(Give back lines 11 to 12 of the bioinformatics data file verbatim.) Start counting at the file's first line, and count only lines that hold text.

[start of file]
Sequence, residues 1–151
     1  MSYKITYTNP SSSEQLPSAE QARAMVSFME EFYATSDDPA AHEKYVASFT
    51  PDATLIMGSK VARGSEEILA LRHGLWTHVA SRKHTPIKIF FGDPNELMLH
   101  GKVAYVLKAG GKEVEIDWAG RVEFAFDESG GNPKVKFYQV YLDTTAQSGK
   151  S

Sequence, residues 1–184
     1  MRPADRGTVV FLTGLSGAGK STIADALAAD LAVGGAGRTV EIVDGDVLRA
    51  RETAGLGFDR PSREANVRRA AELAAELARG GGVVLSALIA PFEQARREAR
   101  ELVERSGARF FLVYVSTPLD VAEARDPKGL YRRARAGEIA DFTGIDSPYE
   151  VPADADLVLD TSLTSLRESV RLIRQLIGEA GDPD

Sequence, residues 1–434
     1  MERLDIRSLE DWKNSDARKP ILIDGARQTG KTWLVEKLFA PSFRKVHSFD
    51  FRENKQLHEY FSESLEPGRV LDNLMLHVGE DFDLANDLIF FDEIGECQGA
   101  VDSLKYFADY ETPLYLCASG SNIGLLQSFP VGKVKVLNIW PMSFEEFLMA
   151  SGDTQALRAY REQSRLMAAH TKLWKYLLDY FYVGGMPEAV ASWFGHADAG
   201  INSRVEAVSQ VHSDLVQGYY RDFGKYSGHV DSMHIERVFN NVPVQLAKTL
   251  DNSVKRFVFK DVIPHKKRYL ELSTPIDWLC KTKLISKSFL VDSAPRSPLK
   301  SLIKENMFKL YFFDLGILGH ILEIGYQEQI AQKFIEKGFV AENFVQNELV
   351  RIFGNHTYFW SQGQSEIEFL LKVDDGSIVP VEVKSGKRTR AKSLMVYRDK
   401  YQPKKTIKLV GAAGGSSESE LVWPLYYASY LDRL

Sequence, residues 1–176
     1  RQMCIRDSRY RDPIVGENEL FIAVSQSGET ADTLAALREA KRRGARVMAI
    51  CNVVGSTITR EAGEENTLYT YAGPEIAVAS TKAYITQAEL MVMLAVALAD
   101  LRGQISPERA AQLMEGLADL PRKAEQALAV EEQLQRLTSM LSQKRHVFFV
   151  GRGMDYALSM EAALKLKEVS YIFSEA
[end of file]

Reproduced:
Sequence, residues 1–434
     1  MERLDIRSLE DWKNSDARKP ILIDGARQTG KTWLVEKLFA PSFRKVHSFD